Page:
Preston has a number of suggestions about what we as a community might do to help the kids who need their teachers most to keep up. Her first idea is a good one but, as she warns, it comes with inbuilt problems to do with the way we stigmatise poverty, even in children. Her idea is that we allow the 150,000 data-less children to stay in school and learn alongside the children of essential workers. This strikes me as a simple and effective solution but it would have to be handled with sensitivity and great concern for the privacy of those children and their families.

She also suggests that “substantial funds (and other resources) be immediately allocated towards providing good access to the internet to those currently without. It should not be just left up to charities like the Smith Family.” Indeed, no child should have to rely on charity to gain access to a decent education, and if this crisis has revealed anything it has shown that internet access is now an essential utility – like electricity and water. 

Others have also made useful suggestions including Dr David Zyngier from Southern Cross University who has suggested on Twitter that the ABC consider a free to air channel dedicated to teachers presenting lessons. He used award-winning maths teacher Eddie Woo as an example of what could be done.

 


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My own feeling (and I do not claim to be an expert on teaching and learning, just someone who has spent decades advocating on behalf of our neediest students and the schools they attend) is that all three may be required if – as seems increasingly likely – our schools have to close for many months. However, as I have argued in a previous article for TBS, the first thing to do is bring the school holidays forward and take the pressure off everyone – parents, teachers and students – during this highly anxious time.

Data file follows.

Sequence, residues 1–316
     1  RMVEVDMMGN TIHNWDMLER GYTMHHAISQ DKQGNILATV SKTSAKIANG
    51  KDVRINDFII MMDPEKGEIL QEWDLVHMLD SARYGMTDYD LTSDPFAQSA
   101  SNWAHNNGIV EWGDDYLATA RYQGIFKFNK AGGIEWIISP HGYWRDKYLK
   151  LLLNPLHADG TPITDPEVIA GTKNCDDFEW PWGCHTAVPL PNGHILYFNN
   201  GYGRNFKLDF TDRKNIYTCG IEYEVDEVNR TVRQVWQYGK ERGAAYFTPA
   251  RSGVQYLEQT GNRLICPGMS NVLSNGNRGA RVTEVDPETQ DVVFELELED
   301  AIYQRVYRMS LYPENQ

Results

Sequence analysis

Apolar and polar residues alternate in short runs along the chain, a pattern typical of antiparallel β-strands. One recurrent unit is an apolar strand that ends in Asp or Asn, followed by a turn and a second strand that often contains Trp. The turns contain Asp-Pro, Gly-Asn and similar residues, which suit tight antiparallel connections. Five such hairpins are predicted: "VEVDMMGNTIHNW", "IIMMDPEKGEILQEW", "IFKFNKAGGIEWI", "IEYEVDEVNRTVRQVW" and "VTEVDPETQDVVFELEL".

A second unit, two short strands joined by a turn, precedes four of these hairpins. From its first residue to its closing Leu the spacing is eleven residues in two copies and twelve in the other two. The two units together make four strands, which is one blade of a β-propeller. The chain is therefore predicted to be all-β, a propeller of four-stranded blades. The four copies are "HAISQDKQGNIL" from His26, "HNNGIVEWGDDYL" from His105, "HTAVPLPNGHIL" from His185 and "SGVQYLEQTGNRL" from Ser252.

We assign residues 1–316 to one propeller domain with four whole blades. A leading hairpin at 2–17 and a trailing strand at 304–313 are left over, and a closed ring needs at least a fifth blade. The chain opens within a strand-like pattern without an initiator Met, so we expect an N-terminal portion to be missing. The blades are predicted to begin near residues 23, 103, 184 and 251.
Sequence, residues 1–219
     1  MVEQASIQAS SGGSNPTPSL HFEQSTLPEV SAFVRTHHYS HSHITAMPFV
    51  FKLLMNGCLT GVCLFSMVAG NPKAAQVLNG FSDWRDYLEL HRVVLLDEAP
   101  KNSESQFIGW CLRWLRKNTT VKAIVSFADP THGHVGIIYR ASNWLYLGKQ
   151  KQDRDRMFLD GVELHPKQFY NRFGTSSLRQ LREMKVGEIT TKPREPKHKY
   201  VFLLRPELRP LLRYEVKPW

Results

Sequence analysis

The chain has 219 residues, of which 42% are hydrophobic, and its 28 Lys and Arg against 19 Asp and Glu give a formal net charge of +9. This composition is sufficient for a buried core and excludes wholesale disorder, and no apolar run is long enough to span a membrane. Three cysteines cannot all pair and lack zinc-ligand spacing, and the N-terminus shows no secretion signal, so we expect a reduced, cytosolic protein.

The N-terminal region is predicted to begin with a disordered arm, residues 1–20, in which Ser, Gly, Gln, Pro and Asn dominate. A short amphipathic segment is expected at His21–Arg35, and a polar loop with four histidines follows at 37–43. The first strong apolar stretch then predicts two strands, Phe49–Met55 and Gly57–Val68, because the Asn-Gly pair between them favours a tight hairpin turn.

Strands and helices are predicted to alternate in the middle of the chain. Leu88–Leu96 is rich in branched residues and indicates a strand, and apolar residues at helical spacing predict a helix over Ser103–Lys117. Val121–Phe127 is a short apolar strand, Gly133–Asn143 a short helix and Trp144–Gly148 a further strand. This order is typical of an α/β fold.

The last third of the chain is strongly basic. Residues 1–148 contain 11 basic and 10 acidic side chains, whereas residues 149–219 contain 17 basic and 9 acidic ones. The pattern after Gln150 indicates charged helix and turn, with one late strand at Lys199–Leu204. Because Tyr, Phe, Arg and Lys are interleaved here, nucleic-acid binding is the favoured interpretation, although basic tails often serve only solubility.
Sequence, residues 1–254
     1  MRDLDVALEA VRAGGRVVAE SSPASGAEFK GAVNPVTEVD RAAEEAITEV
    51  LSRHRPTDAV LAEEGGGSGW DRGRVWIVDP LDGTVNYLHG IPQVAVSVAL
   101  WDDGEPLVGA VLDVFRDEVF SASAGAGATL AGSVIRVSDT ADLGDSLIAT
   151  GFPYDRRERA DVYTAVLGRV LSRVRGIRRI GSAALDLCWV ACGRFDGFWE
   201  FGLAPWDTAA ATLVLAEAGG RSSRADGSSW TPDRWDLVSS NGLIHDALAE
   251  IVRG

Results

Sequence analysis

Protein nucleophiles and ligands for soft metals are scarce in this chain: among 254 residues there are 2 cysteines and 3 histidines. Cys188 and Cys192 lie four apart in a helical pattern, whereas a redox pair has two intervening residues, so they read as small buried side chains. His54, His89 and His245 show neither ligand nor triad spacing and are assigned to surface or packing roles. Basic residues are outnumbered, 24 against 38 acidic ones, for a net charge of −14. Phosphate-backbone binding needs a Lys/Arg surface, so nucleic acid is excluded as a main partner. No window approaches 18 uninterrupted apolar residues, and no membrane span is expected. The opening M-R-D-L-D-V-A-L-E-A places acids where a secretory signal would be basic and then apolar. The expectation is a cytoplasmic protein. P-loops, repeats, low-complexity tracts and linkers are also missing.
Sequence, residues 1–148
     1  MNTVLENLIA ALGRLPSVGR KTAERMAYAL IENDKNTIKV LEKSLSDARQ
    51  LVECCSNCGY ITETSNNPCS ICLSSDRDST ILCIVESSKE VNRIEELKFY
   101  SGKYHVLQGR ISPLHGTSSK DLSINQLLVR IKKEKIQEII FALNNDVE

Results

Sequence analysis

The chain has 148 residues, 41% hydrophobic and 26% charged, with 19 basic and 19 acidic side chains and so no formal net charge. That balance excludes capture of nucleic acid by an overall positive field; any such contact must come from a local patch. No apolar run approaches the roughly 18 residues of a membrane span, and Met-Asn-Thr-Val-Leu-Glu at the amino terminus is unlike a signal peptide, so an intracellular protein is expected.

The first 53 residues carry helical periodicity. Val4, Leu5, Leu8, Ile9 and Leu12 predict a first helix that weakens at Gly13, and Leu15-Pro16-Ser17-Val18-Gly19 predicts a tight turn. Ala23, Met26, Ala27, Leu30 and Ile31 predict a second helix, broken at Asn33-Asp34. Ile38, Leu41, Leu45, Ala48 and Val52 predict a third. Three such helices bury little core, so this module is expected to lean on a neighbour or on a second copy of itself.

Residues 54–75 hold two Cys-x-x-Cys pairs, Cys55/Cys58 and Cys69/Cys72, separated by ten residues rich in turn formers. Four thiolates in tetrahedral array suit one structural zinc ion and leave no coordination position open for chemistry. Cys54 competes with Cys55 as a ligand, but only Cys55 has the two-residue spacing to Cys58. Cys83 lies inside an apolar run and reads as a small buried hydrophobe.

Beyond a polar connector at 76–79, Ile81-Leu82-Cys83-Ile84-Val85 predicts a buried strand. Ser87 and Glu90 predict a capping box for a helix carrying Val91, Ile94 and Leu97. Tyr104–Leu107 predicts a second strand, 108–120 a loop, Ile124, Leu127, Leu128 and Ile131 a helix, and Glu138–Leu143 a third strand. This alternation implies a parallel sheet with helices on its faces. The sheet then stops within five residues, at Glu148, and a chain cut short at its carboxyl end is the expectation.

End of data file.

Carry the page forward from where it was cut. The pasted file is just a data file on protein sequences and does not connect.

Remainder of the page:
Victoria has already done that but, of course, they had the advantage of the school holidays being scheduled for the end of this week anyway. NSW and other states don’t start their holidays until Easter. But, frankly, who cares? Bring them forward and extend them. We did it in 2000 for the Sydney Olympics and the kids at school at that time (including my own) seem no worse off for the slightly shorter school year.

Even better, if we started – say – a 3 or 4-week break for every student across Australia from this Friday, in line with Victoria, we would give valuable breathing space for teachers to prepare their on and offline lessons and for schools to decide which ones would re-open, with what staff and for which students. It would give the ABC time to set up its education channel on TV and on radio and make some content. And it would give governments time to help every student have access to the internet and the hardware and software they need.

Australia already has an education system which is more divided according to class and income than many others. We already have the so-called ‘long-tail’ of students who underperform largely because of various disadvantages especially indigeneity, remote location and poverty. Please, let’s do everything we can not to make that worse.